Law of the Jungle, Ignored
August 23, 2016
On Equatorial Guinea’s island of Bioko, rising prosperity and lax conservation enforcement have devastated the population of primates and other animals prized by consumers as “bushmeat” delicacies.
Thirteen years of data collected by a team of researchers on the island of Bioko show how ineffective the country’s lax environmental conservation laws were in stemming the growth of illegal hunting.
Bioko, part of the nation of Equatorial Guinea, is a volcanic island in the Gulf of Guinea located off the coast of Cameroon in central Africa. Bioko’s tropical coastal and mountain forests are a relatively understudied biodiversity hotspot and home to numerous species of threatened and endangered monkeys at risk from commercial hunting.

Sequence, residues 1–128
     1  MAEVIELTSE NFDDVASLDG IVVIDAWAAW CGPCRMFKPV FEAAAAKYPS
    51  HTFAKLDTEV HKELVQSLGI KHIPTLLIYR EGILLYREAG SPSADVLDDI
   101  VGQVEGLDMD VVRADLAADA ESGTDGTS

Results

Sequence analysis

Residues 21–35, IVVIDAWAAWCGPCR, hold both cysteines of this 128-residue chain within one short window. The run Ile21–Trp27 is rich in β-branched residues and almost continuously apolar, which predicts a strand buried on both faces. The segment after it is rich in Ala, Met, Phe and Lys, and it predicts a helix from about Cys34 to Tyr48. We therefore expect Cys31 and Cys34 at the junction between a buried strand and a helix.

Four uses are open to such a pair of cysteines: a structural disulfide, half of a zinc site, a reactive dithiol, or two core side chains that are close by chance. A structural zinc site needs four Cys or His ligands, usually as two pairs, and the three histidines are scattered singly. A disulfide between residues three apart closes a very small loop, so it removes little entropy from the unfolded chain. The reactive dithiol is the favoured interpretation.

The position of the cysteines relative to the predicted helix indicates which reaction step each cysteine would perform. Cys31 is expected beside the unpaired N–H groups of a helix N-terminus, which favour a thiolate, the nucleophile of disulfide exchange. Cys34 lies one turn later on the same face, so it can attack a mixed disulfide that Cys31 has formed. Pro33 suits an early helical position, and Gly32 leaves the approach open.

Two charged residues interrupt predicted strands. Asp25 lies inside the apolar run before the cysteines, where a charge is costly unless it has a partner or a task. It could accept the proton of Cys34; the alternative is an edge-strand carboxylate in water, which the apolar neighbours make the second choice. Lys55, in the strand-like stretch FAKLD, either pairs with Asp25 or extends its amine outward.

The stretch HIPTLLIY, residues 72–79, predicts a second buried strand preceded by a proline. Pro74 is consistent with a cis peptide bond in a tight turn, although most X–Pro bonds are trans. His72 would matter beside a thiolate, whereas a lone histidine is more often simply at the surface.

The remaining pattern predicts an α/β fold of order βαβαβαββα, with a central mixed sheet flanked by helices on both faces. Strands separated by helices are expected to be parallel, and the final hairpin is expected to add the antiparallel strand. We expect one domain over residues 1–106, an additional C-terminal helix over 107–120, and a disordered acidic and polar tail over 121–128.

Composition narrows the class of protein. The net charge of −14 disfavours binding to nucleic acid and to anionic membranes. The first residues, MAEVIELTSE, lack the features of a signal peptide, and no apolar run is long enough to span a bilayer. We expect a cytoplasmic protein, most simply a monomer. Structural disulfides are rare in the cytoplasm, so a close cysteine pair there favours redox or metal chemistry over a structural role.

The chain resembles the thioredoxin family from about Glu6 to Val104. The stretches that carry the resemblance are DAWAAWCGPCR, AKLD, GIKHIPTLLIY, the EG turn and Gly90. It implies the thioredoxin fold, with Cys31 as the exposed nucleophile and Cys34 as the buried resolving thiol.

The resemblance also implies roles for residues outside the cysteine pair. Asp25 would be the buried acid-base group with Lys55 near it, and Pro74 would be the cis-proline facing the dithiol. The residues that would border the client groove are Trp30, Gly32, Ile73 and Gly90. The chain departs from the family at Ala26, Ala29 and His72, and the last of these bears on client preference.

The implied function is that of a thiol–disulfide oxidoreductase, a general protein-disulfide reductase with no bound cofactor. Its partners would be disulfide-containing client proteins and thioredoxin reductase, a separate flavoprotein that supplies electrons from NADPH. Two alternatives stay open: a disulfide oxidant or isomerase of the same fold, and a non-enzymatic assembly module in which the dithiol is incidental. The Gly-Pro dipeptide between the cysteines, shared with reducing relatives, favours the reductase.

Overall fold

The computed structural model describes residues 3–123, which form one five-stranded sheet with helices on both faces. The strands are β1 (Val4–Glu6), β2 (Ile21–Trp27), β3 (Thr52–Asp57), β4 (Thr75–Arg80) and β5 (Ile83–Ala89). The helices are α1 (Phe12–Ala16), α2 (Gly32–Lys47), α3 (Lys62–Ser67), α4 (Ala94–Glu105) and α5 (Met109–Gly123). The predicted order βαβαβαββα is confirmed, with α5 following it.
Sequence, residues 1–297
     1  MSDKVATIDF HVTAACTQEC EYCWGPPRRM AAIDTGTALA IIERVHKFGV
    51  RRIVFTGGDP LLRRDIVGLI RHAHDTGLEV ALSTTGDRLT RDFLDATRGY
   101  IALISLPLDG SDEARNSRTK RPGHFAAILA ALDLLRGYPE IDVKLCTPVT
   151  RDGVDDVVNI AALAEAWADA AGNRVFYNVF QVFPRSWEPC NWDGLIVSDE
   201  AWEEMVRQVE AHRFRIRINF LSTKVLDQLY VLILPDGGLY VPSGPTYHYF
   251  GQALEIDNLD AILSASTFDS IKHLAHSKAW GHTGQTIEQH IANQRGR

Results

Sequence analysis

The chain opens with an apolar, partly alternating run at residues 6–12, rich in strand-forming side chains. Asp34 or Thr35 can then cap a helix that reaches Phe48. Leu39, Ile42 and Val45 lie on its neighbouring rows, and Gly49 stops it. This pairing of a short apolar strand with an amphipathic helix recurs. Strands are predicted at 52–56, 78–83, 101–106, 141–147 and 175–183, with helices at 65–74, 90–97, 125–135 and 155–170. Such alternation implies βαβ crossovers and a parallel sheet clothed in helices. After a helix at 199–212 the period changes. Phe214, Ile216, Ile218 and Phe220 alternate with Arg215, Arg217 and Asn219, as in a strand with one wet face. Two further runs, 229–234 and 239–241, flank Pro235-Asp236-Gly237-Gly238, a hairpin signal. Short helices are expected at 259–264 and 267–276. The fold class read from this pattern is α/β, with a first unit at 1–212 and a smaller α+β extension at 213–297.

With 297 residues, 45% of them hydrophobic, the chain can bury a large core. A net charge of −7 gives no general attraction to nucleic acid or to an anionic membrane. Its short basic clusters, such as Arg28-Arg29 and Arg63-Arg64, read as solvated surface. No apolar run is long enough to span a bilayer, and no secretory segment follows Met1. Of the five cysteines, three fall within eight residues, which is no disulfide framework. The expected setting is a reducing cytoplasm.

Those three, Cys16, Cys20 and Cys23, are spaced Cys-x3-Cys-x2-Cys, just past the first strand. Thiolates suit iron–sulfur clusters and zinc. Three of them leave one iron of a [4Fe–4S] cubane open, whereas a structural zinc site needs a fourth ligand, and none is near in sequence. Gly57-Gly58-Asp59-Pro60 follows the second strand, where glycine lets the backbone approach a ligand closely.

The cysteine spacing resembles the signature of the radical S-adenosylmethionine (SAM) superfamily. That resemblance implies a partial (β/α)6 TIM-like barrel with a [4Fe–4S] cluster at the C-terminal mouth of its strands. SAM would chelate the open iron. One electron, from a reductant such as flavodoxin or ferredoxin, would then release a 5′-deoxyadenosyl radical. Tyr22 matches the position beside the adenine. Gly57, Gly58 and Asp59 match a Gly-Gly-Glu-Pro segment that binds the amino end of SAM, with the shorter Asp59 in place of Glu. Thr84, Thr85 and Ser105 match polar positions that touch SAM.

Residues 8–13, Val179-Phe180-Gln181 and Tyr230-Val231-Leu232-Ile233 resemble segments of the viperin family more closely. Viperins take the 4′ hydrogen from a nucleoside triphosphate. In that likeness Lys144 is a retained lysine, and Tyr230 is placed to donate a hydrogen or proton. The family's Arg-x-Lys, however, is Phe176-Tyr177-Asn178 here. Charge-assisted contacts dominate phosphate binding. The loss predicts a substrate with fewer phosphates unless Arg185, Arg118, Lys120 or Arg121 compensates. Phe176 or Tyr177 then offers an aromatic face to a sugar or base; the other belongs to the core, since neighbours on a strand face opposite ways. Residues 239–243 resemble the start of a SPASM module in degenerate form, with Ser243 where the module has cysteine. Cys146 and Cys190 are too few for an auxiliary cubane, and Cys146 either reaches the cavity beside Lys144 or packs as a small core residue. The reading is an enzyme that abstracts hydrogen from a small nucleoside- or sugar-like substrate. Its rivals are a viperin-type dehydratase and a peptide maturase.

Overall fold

The team’s full dataset from their long-running study was published for the first time last year in the journal PLOS One.
Researchers tallied the types and amounts of bushmeat sold at market in the capital city of Malabo between 1997 and 2010 and measured the increases in relation to the country’s prosperity and other political and legal conditions. With the discovery of offshore oil, the island’s prosperity has increased, and so has demand for the meat.
Read more in Exel magazine